When the chairwoman of Scotland’s child abuse inquiry quit her post earlier this week, her depature did not come as a huge surprise.
There had been rumours about the inquiry long before Susan O’Brien QC’s resignation letter was published by the Scottish Government on Monday.
Indeed, panel member Professor Michael Lamb, of Cambridge University, resigned last week blaming government interference.
Prof Lamb didn’t pull his punches, saying that meddling by Scottish Government officials had left the inquiry “doomed”.
Ms O’Brien’s resignation letter claimed officials had been “actively undermining” her work for months. The QC, who has a history of representing child abuse survivors in court, made it clear her resignation was due to worries about the inquiry’s independence and not as a result of the reaction to comments she made during a private training session earlier this year.
Dr Claire Fyvie, head of the Rivers Centre for Traumatic Stress at the Royal Edinburgh Hospital, had written to the inquiry to protest that comments made by Ms O’Brien in February had been “totally unacceptable” and “incompatible” with her role as inquiry chairwoman.
Following the complaint, the Scottish Government began formal measures to have Ms O’Brien removed from her post. In the end, however, she jumped before she was pushed.
An eminent QC with an unblemished record, her career will now be forever associated with the failures of the inquiry she briefly led.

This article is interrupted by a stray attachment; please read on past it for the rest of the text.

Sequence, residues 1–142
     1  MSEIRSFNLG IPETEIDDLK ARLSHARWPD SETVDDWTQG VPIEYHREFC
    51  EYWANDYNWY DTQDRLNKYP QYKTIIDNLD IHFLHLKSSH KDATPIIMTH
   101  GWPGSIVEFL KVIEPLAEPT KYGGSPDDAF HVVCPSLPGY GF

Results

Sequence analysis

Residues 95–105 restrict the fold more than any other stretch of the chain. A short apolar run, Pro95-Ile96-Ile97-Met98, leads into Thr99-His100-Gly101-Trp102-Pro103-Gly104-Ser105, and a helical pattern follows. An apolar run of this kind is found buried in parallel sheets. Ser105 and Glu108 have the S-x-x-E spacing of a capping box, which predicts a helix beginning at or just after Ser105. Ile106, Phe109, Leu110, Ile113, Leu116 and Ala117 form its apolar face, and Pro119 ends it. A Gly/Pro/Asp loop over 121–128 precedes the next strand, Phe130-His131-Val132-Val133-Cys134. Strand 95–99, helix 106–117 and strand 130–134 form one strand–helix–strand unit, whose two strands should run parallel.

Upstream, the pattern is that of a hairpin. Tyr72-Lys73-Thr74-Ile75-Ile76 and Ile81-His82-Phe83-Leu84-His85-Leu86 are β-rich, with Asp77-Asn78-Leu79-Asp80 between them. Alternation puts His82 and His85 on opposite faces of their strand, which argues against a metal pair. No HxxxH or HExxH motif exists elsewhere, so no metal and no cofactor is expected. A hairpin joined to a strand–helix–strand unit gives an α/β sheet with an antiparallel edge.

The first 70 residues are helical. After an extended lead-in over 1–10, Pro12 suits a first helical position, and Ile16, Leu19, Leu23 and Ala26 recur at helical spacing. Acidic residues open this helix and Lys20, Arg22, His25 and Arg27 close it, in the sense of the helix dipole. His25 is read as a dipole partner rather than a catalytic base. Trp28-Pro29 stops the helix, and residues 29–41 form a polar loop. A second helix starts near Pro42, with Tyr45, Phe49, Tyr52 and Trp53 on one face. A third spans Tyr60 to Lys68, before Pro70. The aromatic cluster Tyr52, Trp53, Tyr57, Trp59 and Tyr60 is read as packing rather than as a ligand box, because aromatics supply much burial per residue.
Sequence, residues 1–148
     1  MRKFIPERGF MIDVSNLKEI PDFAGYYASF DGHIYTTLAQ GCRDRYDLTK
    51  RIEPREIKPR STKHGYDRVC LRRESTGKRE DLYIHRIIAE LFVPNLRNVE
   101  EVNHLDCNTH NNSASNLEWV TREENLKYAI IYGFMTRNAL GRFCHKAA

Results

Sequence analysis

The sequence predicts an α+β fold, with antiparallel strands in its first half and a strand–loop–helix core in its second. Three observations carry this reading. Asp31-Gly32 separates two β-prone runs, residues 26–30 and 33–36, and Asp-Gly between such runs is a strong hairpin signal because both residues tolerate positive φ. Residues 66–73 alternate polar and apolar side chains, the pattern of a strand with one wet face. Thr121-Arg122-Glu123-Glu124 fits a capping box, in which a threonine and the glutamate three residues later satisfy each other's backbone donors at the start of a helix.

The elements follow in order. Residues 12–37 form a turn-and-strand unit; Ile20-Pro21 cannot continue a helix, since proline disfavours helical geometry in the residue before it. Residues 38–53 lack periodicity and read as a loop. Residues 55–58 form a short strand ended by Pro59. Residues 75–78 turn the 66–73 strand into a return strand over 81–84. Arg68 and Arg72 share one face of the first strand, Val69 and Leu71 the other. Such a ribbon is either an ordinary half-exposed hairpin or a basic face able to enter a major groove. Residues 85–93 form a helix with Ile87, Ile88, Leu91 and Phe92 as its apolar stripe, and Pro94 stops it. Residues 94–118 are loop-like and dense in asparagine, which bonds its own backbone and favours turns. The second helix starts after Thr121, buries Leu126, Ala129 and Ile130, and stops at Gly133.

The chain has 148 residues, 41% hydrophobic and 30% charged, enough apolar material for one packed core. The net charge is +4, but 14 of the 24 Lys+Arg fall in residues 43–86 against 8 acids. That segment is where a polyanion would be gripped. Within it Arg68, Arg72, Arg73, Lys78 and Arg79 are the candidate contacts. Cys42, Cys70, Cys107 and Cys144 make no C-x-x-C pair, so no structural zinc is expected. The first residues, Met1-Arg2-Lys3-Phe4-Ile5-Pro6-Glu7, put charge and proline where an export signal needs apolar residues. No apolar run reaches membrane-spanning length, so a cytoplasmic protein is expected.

Education secretary John Swinney has begun the work of appointing Ms O’Brien’s successor, but he needn’t bother. The inquiry has lost the confidence of survivors and in that respect it is badly damaged. It should be scrapped and replaced with a judge-led inquiry of the sort survivors called for in the first place.
Speaking on BBC Radio Scotland yesterday, Mr Swinney said his obligation was to make sure public money was being used “effectively and wisely” by the inquiry.
It seems there was a difference in opinion between Ms O’Brien and the government about who should be taking witness statements from survivors, officials from St Andrew’s House or independent legal counsel charging £100 an hour. The first priority of this inquiry should be to get to the truth and obtain justice for survivors, not keep costs down.
It must be particularly galling for abuse victims that the inquiry into the Edinburgh tram debacle is being led by a judge, albeit a retired one in Lord Hardie.
It’s unlikely Lord Hardie would tolerate the sort of government interference Ms O’Brien appears to have dealt with in recent months.
The tram inquiry, which began in June 2014, had spent more than £2m by the start of this year, despite having yet to hear from its first witness.
It seems money is no object for an inquiry on a flawed transport scheme opposed by the SNP, but not for one designed to uncover the truth about decades of physical and sexual abuse of children.
If the Scottish Government is serious about this inquiry and getting to the truth, it must start listening to those who have lived with the abuse they suffered as children every day of their adult lives.
That means a judge-led inquiry with an ability to spend whatever it takes to achieve justice for the people who should matter the most – the survivors.